SOCOM on the Rise!
Even during a drought, weeds seem to continue to grow. This reminds me of when I was a kid, my dad had a full stock portfolio during the recession of the early 1970s. And he made money! He reminded me that thrift stocks and things like aftermarket auto parts grow because fewer car owners can afford to take their vehicle to the mechanic, so they fix it themselves. These two examples serve to remind us that shifts are constantly occurring in any given market. The key is to follow the flow of money, during the shift.
The United States Special Operations Command (SOCOM) is actually growing during the current era. It’s not that the military services are ineffective at what they do, it’s just that for fighting a global ring of terrorist cells and asymmetric insurgencies, the most effective techniques seem to be those employed by the special operations forces currently being used by SOCOM.
This combatant command, chartered to wage “low intensity conflict” is both broad in its mission and global in its purview. It will realize a personnel growth of about 4.5%, dropping to between 2 and 3 percent sustained increase (over the next five years), with about 12,000 globally deployed at any one point in time. The total roster will include approximately 70,000 persons (probably not including contractors). The overall budget for SOCOM will reach roughly $10.5 billion; up from the year 2000 at a level of about $3.2 billion (see Defense News, 2/3/12 edition, page 6).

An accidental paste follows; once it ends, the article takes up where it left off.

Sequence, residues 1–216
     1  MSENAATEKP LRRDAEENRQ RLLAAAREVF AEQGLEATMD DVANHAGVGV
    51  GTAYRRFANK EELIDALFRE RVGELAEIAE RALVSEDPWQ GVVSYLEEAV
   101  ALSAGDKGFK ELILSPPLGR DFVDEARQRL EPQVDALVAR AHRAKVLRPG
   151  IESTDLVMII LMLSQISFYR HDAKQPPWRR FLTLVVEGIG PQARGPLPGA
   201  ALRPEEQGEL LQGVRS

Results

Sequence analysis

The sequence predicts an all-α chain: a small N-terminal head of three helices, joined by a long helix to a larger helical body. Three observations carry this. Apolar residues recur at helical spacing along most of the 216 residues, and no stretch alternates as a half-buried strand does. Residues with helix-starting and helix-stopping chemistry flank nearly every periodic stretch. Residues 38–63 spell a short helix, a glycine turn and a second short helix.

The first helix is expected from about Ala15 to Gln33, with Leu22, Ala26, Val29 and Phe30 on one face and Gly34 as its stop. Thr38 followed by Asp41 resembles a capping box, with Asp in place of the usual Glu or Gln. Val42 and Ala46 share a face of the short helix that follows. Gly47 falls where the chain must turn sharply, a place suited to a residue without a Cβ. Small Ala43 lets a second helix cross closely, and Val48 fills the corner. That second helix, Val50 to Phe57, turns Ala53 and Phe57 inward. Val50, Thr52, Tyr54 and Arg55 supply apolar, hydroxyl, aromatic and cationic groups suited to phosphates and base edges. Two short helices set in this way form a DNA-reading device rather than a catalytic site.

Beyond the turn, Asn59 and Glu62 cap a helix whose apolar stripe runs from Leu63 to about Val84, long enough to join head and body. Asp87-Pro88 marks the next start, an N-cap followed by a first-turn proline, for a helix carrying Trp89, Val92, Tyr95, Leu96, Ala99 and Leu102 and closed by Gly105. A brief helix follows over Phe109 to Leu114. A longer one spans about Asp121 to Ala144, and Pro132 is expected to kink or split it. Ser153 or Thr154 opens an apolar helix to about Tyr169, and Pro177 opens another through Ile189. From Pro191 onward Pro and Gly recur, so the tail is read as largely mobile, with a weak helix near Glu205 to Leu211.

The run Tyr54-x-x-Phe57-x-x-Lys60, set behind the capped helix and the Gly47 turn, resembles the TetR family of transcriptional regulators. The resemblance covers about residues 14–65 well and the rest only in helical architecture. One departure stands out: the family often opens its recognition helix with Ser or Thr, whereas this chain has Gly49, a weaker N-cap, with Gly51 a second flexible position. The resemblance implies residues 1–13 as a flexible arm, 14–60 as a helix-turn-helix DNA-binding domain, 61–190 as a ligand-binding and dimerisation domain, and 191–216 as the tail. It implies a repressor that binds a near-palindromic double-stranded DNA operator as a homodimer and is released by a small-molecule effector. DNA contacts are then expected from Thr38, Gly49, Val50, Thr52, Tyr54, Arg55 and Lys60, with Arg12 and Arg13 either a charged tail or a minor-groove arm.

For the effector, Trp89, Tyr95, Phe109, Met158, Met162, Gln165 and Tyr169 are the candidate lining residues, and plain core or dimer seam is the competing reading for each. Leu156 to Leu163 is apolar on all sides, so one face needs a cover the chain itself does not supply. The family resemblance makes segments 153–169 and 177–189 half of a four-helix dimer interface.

The most important detail here is that as a small business selling to the IC and Defense markets, you need to ask yourself, can my product or service be of special use to this community?
If you decide the answer is “yes”, then the rest is a business development planning and execution exercise. Here are my top level tips in selling to SOCOM:
· Plan way ahead! The conferences surrounding this COCOM and their mission space fill up very quickly!
· Use retired general officers who understand the lay of the land; there are smart ways to do this and less effective approaches. Find someone who knows what they’re doing, not a neophyte.
· Retool your value statement so it’s crystal clear—to you and your SOCOM client, what the value of your offering is and how it supports their mission. Generic value statements will lose. Specified statements of your value will win.
· Train your BD efforts on laser guided sorties, not shot gun approaches. The latter don’t work in this market. It’s probably easier to simply take out an ad in a magazine than it is to find the exact right person to speak with, but an eye-to-eye conversation will be much more efficient and effective.
This is the tip of the iceberg. Can you suggest other ideas? Good hunting.
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